most likely to protect water quality by reading the label on the fertilizer bag to make sure they apply the right amount, water-in fertilizer after application to move the fertilizer off the leaves and into the soil for uptake by plant roots, and clean up any fertilizer spilled on paved surfaces (while these were the good fertilizer practices most likely to be used, Floridians reported less certainty about adopting them than the irrigation conservation practices); and
least likely to protect water quality by applying fertilizers based on soil test results, testing their soil to determine what nutrients are needed before they fertilize, or asking landscaping professionals about their training in fertilizer application or GI-BMP certification.
How to Use this Information
Now that the current situation is identified, Extension professionals can use the results of this statewide needs assessment to develop and refine impactful programs that promote water conservation and quality protection (the desired condition). Several recommendations can be made for Extension professionals.
Recognize characteristics that support both good irrigation and fertilization are present and adoption of appropriate landscape practices is likely when Extension programs provide adequate support.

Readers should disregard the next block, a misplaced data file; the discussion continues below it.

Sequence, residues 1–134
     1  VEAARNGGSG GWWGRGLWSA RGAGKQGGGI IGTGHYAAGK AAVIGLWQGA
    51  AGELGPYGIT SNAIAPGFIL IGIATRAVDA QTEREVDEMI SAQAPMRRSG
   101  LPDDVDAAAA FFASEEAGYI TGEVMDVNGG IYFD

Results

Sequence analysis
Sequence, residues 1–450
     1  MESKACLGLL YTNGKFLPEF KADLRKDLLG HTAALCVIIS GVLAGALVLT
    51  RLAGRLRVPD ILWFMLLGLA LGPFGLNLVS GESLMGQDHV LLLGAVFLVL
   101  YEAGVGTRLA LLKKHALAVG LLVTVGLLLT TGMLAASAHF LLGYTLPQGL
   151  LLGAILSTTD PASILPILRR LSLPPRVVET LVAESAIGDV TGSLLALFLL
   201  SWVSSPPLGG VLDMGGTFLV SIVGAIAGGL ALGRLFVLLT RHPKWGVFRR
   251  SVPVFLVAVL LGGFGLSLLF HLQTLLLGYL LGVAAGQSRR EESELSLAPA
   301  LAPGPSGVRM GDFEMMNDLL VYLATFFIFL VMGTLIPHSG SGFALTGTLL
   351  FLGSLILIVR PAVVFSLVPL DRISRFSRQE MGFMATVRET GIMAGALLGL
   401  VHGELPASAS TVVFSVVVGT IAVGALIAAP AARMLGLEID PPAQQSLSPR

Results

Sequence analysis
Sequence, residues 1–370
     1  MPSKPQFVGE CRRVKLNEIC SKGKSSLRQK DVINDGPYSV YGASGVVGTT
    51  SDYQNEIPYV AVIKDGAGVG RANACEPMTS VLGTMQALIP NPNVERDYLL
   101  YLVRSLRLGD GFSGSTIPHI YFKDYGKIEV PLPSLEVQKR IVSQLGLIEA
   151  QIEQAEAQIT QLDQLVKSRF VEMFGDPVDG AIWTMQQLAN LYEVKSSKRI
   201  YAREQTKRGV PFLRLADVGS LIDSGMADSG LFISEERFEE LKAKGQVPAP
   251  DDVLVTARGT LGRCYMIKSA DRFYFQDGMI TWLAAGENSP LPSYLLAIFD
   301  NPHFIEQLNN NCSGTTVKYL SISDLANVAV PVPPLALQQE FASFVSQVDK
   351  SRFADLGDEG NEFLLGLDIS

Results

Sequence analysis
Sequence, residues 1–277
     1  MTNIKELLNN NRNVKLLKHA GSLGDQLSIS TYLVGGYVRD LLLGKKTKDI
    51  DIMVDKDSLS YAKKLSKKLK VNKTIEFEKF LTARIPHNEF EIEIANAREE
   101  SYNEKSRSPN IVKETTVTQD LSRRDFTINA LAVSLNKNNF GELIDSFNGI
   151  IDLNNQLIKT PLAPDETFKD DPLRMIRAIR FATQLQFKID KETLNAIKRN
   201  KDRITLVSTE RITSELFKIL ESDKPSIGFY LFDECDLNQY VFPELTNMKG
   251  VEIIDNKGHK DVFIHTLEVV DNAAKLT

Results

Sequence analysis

Understand that Floridians are slightly less comfortable with their roles in protecting water quality. Extension professionals should work to clarify the connection between Florida's home landscapes and water quality while emphasizing the importance of taking action by using landscape practices that protect and improve the quality of the state's water bodies (springs, streams, rivers, and lakes).
Help Extension clients understand how water quality and quantity are closely related and how landscape management influences natural systems.
In the shorter term, build on Floridians' existing momentum and provide support to help clientele follow through on their intent to engage in specific irrigation and fertilization practices. In other words, Extension should help Floridians take the actions they already want to engage in to protect water resources.